Device Technologies said it is currently considering how it can provide greater visibility to its supply chain for critical devices, such as ventilators, in light of the coronavirus outbreak.
Device Technologies business systems manager Tiina Kontkanen said one of those approaches is the implementation freight management platform that can be embedded into existing systems to track and report on the movement of these devices.
Another way the company plans on lifting visibility of its supply chain, Kontkanen said, speaking as part an online SAP event, involves improving the company’s data strategy and providing “some insights to the customers and our suppliers on our products”.
“That’s something that I think you have to just collaborate on, and I think that’s the key to agility and breaking some of those silos that are in place at the moment,” she said.
Device Technologies CIO Graham Cronin agreed, pointing to how for instance, the company is accessing telemetry through its Da Vinci robot, a system that is typically used to assist surgeons during minimal invasive surgery.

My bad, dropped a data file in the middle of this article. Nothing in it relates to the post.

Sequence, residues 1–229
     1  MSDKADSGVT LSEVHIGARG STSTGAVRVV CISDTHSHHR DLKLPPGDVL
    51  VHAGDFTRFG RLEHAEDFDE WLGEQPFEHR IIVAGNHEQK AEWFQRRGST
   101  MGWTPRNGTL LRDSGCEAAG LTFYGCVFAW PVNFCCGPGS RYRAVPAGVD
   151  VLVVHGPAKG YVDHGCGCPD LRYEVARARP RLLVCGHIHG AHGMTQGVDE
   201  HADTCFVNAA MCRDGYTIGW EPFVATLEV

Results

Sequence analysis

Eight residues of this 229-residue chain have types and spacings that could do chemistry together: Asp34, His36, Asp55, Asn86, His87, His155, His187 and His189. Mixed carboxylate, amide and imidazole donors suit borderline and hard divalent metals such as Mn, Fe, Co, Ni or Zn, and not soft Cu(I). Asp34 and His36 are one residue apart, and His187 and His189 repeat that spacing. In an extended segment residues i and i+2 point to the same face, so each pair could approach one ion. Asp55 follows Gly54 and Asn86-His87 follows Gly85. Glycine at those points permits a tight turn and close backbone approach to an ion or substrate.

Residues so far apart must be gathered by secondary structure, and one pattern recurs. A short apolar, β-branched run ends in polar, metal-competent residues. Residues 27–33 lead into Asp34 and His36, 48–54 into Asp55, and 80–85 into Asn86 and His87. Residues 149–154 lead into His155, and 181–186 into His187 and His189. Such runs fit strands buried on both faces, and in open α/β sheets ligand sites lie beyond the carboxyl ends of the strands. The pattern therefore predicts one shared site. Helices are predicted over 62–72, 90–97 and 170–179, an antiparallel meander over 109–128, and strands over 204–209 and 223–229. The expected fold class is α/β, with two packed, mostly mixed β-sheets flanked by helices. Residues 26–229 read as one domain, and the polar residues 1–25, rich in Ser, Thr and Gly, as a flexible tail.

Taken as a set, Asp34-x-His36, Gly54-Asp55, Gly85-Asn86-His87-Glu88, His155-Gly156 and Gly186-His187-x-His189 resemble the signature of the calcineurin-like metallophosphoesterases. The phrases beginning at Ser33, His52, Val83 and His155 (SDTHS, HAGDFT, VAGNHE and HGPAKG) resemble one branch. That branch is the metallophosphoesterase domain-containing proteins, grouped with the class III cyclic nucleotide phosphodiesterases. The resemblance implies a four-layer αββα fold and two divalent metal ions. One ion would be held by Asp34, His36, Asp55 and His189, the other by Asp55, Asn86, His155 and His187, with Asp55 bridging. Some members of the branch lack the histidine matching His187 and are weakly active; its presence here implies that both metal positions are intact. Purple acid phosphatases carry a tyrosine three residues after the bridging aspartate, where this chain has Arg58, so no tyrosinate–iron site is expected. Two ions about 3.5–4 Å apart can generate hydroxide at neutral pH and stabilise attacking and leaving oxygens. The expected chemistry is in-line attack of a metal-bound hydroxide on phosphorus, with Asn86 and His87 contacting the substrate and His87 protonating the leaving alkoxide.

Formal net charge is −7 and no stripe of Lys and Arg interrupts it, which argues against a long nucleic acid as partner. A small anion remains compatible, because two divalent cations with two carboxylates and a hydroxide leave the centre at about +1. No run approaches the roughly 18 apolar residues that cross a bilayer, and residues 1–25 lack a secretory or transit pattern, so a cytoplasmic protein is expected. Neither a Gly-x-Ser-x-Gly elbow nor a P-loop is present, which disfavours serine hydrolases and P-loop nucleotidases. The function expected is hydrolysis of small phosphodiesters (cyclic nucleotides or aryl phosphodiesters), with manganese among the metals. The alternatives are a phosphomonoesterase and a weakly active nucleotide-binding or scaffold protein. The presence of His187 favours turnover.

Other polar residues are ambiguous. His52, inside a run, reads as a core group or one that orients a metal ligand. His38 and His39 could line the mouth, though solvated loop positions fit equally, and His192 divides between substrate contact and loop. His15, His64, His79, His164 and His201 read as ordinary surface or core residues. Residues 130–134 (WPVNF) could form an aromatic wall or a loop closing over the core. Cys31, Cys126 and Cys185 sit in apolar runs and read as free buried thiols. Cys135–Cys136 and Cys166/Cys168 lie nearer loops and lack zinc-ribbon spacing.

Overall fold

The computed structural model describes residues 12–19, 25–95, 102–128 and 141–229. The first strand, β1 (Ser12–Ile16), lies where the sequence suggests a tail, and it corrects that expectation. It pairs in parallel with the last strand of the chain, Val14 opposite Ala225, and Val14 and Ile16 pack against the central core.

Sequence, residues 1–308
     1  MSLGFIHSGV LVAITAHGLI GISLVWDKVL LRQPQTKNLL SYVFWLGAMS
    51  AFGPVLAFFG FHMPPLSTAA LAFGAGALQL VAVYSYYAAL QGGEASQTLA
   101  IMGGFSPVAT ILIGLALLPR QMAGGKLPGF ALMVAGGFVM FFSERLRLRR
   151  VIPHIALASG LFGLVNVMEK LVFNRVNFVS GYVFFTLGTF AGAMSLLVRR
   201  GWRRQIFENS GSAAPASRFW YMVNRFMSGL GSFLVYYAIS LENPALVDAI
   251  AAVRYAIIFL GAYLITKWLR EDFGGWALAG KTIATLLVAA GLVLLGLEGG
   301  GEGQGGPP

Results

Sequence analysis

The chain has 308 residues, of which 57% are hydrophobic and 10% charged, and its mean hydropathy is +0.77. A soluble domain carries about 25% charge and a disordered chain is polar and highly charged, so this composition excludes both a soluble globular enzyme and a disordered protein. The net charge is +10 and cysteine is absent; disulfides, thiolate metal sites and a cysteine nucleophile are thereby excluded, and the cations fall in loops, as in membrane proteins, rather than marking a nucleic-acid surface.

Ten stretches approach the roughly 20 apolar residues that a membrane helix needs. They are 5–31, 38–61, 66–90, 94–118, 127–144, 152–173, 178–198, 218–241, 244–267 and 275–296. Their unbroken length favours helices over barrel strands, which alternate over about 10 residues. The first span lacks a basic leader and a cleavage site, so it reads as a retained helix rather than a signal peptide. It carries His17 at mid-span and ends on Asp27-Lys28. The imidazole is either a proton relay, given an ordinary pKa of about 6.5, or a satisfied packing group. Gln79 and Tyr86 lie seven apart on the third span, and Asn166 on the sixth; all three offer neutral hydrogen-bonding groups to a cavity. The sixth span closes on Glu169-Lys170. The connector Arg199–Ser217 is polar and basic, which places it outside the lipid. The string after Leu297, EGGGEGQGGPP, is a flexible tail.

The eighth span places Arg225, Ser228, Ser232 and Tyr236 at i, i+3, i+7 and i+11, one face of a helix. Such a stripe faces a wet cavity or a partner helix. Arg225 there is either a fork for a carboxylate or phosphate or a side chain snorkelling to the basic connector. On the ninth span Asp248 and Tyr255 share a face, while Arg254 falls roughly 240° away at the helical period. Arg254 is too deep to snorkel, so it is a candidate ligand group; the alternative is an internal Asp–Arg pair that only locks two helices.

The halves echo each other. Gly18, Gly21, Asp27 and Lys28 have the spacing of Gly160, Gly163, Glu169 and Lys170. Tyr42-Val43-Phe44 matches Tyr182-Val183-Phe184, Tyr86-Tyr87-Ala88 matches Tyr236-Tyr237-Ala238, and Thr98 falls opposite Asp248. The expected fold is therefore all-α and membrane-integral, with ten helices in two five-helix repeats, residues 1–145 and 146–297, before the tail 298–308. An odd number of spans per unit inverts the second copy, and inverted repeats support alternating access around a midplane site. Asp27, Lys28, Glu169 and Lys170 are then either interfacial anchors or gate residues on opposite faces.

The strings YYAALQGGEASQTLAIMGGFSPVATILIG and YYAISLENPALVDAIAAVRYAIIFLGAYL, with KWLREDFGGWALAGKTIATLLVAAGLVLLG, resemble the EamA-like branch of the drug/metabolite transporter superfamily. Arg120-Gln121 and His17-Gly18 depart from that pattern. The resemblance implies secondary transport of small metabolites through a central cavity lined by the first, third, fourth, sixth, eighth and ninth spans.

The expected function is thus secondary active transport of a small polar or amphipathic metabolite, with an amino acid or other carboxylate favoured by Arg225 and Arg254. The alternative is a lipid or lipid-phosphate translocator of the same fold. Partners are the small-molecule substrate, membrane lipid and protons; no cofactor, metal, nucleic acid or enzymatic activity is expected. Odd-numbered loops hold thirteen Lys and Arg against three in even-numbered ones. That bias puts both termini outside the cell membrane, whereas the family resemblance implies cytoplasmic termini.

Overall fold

“We have a direct link back with the manufacturer and on the telemetry of the procedures, on what the device is doing, how it’s operating, how it’s consuming its consumables,” he said.
“That is allowing us to give a better outcome to the surgeon and the hospital using that robot. And of course, better patient outcomes because we know that we’re making sure that the system is efficient and operating to the best level that it needs to.
“It’s also getting the telemetry back, and some of the diagnostics of those patient outcomes to improve the software that goes into them for future procedures.”
Additionally, as part of its digital agenda, Device Technology has developed a surgery booking portal, which Cronin believes will help “digitise the healthcare environment”.
“[It’s] more so that we can react quickly to those changing events, also help organisations, hospitals, clinicians, and surgeons to be able to deliver a better patient outcome quickly, so that they can get their hands on to the equipment they require for any procedure or event that’s occurring,” he said.
“It’s also about giving them a better understanding of that end-to-end supply chain, so that they can manage their patient lists, get patients out of hospitals a lot quicker with better healthcare outcomes.”
The company is further enhancing its booking portal by reorganising the way it catalogues its 70,000 SKUs from surgery theatre equipment to radiology equipment and surgical instruments.
“A lot of the teams are starting to get the clinicians to focus on helping us to catalogue on what’s required and speed that up so that when we come out of [the coronavirus pandemic], there’ll be a better array or catalogue digitally of what’s available across our systems,” Cronin said.
This article first appeared on ZDNet.
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